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Value & Valuation

The economic evaluation of medical interventions – in particular, in the context of Health Technology Assessments (HTAs) – invariably implies some kind of (explicit or implicit) cost value analysis. One possible anchor is the value of a statistical life year (VSLY). However, currently used benchmarks for the willingness-to-pay (WTP) per quality-adjusted life year (QALY) gained are controversial. In economics, WTP represents the concept of stated or revealed preferences and hence can be interpreted as a demand-side perspective. As an alternative measure, especially in resource-constrained health care systems, shadow prices for a QALY have been proposed and computed. Unfortunately, these calculations rest on a set of assumptions and conventions (“the logic of cost effectiveness”), some of which must be considered “descriptively flawed” (Dolan et al., 2005). Descriptively flawed is nothing less than a euphemism for “empirically falsified,” unless one was prepared to ignore well-documented social norms and preferences.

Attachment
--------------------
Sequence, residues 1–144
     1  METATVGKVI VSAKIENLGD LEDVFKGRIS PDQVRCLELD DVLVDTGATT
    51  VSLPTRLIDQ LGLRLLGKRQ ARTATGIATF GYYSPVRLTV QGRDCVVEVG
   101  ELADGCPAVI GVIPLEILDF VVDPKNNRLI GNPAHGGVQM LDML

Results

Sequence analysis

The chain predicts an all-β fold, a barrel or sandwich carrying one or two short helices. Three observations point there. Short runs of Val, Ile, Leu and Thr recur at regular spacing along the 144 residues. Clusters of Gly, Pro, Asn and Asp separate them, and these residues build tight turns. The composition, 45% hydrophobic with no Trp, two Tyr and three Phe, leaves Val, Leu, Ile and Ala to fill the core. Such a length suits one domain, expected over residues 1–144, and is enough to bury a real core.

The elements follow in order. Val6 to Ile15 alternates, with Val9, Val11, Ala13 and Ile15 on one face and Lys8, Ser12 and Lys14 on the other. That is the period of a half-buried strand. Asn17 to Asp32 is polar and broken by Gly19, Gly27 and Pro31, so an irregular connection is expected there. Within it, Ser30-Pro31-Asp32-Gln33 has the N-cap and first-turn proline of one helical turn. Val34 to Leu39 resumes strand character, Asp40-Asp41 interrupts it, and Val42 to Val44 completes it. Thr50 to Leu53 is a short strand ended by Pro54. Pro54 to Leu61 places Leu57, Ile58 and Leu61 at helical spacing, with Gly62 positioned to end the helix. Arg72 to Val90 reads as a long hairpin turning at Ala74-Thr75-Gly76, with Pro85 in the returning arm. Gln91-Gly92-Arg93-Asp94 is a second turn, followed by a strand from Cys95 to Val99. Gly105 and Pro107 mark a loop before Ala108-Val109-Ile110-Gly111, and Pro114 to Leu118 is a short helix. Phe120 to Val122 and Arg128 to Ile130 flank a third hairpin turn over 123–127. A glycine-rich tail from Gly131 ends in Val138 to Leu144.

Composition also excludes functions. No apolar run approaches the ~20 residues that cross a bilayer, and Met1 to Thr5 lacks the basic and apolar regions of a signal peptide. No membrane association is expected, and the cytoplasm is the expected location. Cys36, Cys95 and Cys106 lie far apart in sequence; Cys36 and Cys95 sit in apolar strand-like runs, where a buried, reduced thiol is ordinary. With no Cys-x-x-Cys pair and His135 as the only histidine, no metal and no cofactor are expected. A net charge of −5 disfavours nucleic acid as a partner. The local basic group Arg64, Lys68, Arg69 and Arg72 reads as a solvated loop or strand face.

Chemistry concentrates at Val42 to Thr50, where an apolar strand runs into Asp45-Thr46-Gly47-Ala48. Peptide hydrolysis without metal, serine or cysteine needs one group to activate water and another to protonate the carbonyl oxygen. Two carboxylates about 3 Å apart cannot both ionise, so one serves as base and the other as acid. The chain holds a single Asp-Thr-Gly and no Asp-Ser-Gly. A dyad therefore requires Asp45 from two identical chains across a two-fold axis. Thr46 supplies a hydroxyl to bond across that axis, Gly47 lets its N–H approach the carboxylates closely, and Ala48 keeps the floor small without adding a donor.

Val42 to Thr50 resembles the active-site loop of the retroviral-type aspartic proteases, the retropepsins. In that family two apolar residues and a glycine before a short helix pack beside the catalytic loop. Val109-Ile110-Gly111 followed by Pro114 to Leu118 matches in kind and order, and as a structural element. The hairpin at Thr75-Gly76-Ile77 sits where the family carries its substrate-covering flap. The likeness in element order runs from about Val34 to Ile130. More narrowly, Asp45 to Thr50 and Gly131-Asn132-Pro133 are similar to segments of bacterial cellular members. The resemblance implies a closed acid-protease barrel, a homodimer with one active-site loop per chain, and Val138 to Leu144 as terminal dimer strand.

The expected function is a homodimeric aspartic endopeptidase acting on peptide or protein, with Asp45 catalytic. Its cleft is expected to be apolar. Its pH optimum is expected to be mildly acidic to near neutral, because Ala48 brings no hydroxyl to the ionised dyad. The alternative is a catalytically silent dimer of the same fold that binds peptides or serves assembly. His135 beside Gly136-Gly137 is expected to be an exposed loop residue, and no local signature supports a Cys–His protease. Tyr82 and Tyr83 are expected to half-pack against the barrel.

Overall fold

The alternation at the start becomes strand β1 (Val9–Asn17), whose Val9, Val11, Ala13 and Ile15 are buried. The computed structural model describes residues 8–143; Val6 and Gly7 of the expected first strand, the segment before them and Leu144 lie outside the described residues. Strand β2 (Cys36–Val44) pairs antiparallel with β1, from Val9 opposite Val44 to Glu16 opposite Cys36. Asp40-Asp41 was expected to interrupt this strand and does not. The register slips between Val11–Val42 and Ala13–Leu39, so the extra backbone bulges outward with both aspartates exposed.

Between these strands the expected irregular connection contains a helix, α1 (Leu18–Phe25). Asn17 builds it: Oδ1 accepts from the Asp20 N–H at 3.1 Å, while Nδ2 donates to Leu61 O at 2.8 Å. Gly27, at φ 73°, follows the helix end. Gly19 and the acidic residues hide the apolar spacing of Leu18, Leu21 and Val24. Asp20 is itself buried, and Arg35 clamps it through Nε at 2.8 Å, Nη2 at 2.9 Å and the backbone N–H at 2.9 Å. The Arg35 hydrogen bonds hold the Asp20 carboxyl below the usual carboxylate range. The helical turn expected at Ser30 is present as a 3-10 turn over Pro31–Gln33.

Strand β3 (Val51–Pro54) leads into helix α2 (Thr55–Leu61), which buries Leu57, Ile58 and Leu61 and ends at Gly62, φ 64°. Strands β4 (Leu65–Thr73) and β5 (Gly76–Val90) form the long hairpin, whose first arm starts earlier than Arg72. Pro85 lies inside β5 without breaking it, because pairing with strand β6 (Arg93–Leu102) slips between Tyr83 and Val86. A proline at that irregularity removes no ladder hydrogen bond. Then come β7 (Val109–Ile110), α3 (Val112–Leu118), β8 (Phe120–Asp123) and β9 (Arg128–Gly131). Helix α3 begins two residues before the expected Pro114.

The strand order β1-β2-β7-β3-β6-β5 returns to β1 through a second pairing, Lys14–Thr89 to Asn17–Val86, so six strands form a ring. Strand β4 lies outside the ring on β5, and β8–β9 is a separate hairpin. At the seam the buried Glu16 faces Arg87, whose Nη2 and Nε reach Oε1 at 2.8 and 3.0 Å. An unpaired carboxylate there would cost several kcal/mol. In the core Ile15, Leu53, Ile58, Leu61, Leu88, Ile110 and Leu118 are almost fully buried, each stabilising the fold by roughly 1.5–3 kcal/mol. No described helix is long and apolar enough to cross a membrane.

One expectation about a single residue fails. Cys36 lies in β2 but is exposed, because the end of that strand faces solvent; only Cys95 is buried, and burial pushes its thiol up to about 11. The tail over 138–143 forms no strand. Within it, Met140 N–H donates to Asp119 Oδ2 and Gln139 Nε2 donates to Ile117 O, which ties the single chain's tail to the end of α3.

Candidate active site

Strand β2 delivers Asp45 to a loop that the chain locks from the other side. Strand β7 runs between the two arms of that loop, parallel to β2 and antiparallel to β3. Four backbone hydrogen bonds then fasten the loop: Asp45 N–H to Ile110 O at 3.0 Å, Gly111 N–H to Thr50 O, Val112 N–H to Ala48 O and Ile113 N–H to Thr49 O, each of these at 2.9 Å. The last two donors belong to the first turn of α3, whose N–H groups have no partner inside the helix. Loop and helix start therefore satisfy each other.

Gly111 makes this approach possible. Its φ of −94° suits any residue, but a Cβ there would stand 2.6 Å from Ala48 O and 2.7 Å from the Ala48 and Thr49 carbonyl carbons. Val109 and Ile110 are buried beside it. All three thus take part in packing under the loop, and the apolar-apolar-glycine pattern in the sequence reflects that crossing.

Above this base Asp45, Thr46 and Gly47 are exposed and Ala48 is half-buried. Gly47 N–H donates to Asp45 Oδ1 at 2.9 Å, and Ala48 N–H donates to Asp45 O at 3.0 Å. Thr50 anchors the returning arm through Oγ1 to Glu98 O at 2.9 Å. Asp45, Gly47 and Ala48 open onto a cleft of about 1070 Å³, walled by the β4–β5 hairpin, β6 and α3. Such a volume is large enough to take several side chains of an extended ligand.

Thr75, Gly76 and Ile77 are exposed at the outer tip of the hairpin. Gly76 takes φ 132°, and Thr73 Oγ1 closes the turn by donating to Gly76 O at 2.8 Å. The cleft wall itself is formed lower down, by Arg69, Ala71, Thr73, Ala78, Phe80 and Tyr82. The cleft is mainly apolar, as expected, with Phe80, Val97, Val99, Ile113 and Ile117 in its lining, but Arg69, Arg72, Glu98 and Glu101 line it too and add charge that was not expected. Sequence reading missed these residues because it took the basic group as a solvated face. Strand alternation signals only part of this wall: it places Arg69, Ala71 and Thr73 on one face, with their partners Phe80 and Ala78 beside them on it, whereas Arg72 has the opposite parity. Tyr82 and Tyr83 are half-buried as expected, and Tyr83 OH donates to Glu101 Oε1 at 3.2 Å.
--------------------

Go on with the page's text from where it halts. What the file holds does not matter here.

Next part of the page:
Pixabay Grafik (#7307064)

The Institute and its members have been heavily involved in a broad range of projects, past and ongoing, that are dedicated to exploring and further improving currently used valuation methods of “life and limb” (cf. Mishan, 1971; Viscusi, 1978; Jones-Lee, 1985).

More detailed information will follow soon, including projects on the following topics:

  • The Value of a Statistical Life Year (VSLY)
  • The Logic of Cost Effectiveness
  • Health-Related Quality of Life (HRQoL)
  • Patient-Reported Outcomes (PROs)
  • Socioeconomic Impact (SEI) Research
  • Social Cost Value Analysis (SCVA)
  • The Ultra-Rare Disease (URD) Evaluation Consensus Project